The Perks of Being a Wallflower is a deeply affecting coming-of-age story that will spirit you back to those wild and poignant roller-coaster days known as growing up. Now a major motion picture starring Emma Watson and Logan Lerman. Stephen Chbosky's new film Wonder, starring Owen Wilson and Julia Roberts is out now.
Charlie is a freshman. And while he's not the biggest geek in the school, he is by no means popular. Shy, introspective, intelligent beyond his years yet socially awkward, he is a wallflower, caught between trying to live his life and trying to run from it. Charlie is attempting to navigate his way through uncharted territory: the world of first dates and mix-tapes, family dramas and new friends; the world of sex, drugs, and The Rocky Horror Picture Show, when all one requires is that perfect song on that perfect drive to feel infinite. But Charlie can't stay on the sideline forever. Standing on the fringes of life offers a unique perspective. But there comes a time to see what it looks like from the dance floor.
'A coming of age tale in the tradition of The Catcher in the Rye and A Separate Peace... often inspirational and always beautifully written' USA Today
APPLE BOOKS REVIEW
Told in a series of letters and set at the beginning of the new millennium, this cult favourite follows teenager Michael as he starts high school shortly after his good friend commits suicide. Stephen Chbosky’s vivid novel captures the turbulence and heartache of transitioning from childhood into the world of adult concerns. Whatever your age, The Perks of Being a Wallflower will stir up strong feelings associated with first loves, family drama and learning what it means to be lonely.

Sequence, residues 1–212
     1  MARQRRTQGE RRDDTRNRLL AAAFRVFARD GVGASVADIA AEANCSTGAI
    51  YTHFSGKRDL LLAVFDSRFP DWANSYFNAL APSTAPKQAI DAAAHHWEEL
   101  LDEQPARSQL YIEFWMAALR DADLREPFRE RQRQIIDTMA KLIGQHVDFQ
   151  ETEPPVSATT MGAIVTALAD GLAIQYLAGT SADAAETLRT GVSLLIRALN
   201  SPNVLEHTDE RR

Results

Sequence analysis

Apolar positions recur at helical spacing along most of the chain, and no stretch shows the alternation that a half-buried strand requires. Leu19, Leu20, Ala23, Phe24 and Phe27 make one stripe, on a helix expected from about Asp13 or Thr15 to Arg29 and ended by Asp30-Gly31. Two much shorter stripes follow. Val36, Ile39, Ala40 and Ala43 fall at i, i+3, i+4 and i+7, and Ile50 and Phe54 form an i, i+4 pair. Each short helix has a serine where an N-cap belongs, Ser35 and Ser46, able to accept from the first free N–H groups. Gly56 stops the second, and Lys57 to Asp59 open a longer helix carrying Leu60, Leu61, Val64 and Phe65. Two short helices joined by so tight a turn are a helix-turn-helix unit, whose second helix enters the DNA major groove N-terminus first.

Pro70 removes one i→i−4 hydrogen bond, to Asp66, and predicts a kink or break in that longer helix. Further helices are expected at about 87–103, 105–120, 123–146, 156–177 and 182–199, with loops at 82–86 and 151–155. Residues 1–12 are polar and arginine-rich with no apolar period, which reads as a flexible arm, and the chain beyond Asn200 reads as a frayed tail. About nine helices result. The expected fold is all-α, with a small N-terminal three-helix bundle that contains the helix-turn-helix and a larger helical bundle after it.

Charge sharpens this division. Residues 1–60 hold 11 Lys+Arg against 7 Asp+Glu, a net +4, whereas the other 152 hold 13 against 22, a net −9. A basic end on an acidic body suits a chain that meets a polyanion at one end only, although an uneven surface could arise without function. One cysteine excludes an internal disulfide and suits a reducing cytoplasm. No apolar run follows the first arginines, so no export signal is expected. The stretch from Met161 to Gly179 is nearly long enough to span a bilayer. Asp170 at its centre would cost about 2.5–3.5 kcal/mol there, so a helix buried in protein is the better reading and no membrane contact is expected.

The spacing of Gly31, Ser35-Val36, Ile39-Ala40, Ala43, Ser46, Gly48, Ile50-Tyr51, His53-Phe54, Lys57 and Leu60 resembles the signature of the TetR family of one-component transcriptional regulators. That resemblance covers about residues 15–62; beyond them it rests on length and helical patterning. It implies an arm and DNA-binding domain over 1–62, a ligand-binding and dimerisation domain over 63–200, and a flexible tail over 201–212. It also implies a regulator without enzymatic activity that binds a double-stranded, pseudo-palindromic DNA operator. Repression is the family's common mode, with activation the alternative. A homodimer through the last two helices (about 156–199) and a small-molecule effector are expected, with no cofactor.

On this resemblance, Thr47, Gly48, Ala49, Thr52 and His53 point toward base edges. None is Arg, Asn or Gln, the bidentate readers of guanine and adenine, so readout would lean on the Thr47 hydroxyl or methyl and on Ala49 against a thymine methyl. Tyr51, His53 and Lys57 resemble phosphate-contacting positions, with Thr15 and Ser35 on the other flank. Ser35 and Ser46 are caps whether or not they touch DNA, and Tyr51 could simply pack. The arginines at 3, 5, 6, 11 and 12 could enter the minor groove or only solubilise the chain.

A trite coming-of-age novel that could easily appeal to a YA readership, filmmaker Chbosky's debut broadcasts its intentions with the publisher's announcement that ads will run on MTV. Charlie, the wallflower of the title, goes through a veritable bath of bathos in his 10th grade year, 1991. The novel is formatted as a series of letters to an unnamed "friend," the first of which reveals the suicide of Charlie's pal Michael. Charlie's response--valid enough--is to cry. The crying soon gets out of hand, though--in subsequent letters, his father, his aunt, his sister and his sister's boyfriend all become lachrymose. Charlie has the usual dire adolescent problems--sex, drugs, the thuggish football team--and they perplex him in the usual teen TV ways. He hangs out with a group of seniors, among whom are Patrick and Samantha. Patrick is gay, and Charlie learns about gay. Sam is pretty, and Charlie learns about heartbreak. Sam is, alas, going out with Craig. Charlie goes out with the uppity Mary Elizabeth. Patrick goes with Brad but breaks up with him when Brad's father discovers their relationship. Into these standard teenage issues Chbosky infuses a droning insistence on Charlie's supersensitive disposition. Charlie's English teacher and others have a disconcerting tendency to rhapsodize over Charlie's giftedness, which seems to consist of Charlie's unquestioning assimilation of the teacher's taste in books. In the end we learn the root of Charlie's psychological problems, and we confront, with him, the coming rigors of 11th grade, ever hopeful that he'll find a suitable girlfriend and increase his vocabulary.
Customer ReviewsSee All
Refreshing & moving
I am not somebody that usually writes a review on anything, but after finishing this book I had to express how much I loved it. This book is so powerful and has the ability to change your outlook on life. An absolute must read and will forever be one of my favourites. Bought it yesterday in the afternoon and this minute finished it! Couldn't put it down :)
Best book I've read in a while
Amazing book, and I feel like I can relate to Charlie a lot!
Love the book
The book is so much better than the film !!